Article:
JANUARY 8, 2011
When I tweeted that I would be watching Short Night Of Glass Dolls (Italian: La Corta Notte Delle Bambole Di Vetro), I pointed out that it was one of the Giallo-est Giallo titles of all time. So it was kind of funny that the movie itself was barely an actual Giallo (despite being included on a set from Blue Underground titled “The Giallo Collection”, which would suggest that these were the crème of the crop), as it featured only one or two on-screen kills, no actual murderer, and almost no misogynist dialogue whatsoever.
However, it WAS pretty good, or at least, the last act was. It’s a VERY slow burn – it takes about a half hour for the girlfriend of Jean Sorel’s character (our hero) to disappear, which is what basically kicks the thriller plot off. And then he wanders around for nearly an hour looking to find out where she went and why, but he’s a pretty lousy investigator, since the bad guy just explains everything to him. It kind of reminded me of Eyes Wide Shut at times, since the answers involve both secret societies and orgies.
But it has one key difference: he’s “dead” (spoiler). About a third of the movie actually takes place in a morgue or hospital, where Sorel has been taken after his body was found in a park. The twist is, he’s not actually dead yet – he’s just extremely paralyzed (Nikki and Paulo style!). So the movie actually cuts between the present day, with him in the morgue, about to be autopsied, and with him in the past, flashing back to how he got to that point (again, like Nikki and Paulo – the Lost writers must have seen this). They cut to this stuff a bit too often - it’s very repetitive (obviously he can’t wake up or really die until the movie’s almost over, so it kind of limits how much they can do in these scenes) and sometimes a bit jarring; they could have used a transition or sound effect (like, er, Lost) to signify when they were flashing back and forth, but it’s a cool idea all the same, and helps prevent the first part of the story from being too thrill-challenged.
It’s got some really creepy moments sprinkled throughout, and I was additionally entertained due to the fact that I couldn’t always tell if the creepiness was intentional or not. For example, there’s a scene with a scientist talking about something he’s done to a tomato, and behind him is an assistant or student of some sort, staring at him without any sort of movement whatsoever, as if he was paralyzed too (or just a really bad actor/extra). I also enjoyed the scene on the bridge, where Sorel was to meet someone with some answers, who ALSO just stood there motionless.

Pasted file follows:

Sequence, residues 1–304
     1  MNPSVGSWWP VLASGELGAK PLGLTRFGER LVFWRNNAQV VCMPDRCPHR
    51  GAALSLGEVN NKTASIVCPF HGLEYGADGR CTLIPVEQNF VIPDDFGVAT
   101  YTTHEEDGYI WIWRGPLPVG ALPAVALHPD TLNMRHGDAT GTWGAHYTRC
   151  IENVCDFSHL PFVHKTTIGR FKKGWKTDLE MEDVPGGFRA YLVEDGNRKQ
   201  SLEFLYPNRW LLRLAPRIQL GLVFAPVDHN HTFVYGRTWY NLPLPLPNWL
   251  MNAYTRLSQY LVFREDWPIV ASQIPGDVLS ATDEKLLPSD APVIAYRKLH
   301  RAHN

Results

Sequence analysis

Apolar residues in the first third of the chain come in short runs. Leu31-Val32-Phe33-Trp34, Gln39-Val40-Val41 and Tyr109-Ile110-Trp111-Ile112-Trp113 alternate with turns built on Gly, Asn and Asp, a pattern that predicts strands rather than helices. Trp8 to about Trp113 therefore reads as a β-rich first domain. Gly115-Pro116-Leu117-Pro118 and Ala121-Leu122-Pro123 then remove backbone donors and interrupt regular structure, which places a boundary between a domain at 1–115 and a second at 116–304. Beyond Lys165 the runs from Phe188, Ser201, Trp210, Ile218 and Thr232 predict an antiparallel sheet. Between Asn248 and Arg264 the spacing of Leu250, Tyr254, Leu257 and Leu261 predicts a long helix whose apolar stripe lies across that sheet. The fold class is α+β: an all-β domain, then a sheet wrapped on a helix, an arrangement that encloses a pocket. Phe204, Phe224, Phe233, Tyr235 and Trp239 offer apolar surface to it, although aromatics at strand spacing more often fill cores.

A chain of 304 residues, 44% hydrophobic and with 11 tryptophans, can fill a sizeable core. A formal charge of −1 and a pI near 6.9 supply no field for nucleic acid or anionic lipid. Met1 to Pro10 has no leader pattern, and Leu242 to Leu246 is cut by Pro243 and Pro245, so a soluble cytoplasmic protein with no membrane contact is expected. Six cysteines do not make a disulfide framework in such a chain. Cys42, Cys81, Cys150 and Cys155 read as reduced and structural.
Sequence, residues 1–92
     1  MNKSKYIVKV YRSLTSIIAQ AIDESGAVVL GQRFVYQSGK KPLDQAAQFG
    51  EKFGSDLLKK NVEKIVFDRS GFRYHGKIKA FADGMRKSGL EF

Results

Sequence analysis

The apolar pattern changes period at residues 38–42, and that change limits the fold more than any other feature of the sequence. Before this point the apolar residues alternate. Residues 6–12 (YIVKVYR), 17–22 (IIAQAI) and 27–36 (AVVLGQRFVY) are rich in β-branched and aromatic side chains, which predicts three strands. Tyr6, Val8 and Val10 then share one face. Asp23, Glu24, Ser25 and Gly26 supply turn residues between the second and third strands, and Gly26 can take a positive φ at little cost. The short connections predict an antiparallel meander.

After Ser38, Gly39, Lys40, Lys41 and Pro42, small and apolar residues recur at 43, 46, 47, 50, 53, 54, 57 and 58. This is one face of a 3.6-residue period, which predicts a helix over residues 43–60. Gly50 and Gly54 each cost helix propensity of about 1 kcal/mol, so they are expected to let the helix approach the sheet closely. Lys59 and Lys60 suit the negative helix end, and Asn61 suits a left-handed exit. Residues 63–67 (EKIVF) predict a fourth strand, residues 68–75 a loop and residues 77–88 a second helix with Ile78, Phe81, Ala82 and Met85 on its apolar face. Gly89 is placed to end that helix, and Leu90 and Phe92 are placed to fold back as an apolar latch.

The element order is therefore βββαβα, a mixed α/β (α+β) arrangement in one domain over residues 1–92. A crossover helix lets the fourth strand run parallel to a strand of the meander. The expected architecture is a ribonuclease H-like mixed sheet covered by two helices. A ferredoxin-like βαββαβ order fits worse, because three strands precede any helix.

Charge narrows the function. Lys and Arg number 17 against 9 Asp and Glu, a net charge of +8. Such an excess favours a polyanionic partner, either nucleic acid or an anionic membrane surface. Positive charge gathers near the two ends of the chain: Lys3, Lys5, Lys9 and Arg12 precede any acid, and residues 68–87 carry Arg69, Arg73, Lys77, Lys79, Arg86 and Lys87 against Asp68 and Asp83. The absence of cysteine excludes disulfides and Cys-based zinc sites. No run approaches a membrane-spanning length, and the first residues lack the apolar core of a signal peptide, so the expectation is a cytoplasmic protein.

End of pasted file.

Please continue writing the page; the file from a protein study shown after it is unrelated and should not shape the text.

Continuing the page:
There’s also some light sleaze, which of course I enjoyed. Sorel’s best friend spends a scene groping a girl who doesn’t seem to mind, and when he goes to a library he catches a couple (also with much groping) in one of the aisles, which he smiles at. But nothing could have prepared me for the climax, where the villains (aging high society members who wish to retain their power and youth) are all naked and gyrating around; the average age of the breasts on-screen is around 75 years too-old. And the Grindhouse patron in me had to cheer when Sorel (who is spending the movie looking for his girlfriend, remember) beds the older lady who is helping him. You sly dog.
Another thing I appreciated was the dubbing, which was better than usual. I’m always puzzled why the original Italian isn’t made available on these “special editions”, but at least the dubbed track was acceptable. There are a few instances where the dialogue overlaps due to something apparently taking longer to say in English than in Italian, but the lip matching is pretty close and the actors are putting effort into it. Not dubbed is the disc’s only real extra, an interview with the writer/director, the anagrammically named Aldo Lado. As is often the case with these old Italian guys, he’s hilariously blunt and honest (one anecdote refers to punching the DP after he referred to the movie as a piece of shit), but he’s got a good memory too, unlike some of the others. He also explains the rather baffling title – apparently it was supposed to be “Short Night Of Butterflies”, which makes sense since butterflies are part of a plot point, but there was another movie with “Butterfly” in the title, so it was changed later despite “Glass Dolls” not having a goddamn thing to do with the movie, as far as I could tell.
If you enjoyed movies like Bava’s The Girl Who Knew Too Much, this should be up your alley, but the lack of traditional Giallo elements might disappoint some (at least if they are expecting them – I started enjoying the movie a lot more after 40 minutes or so, when I got up and checked to see if this was really a Giallo and found similar sentiments on its IMDb page). It’s not particularly great, but it’s got some interesting ideas (and an Ennio Morricone score!) and a fun finale. Just takes some effort to get there.
What say you?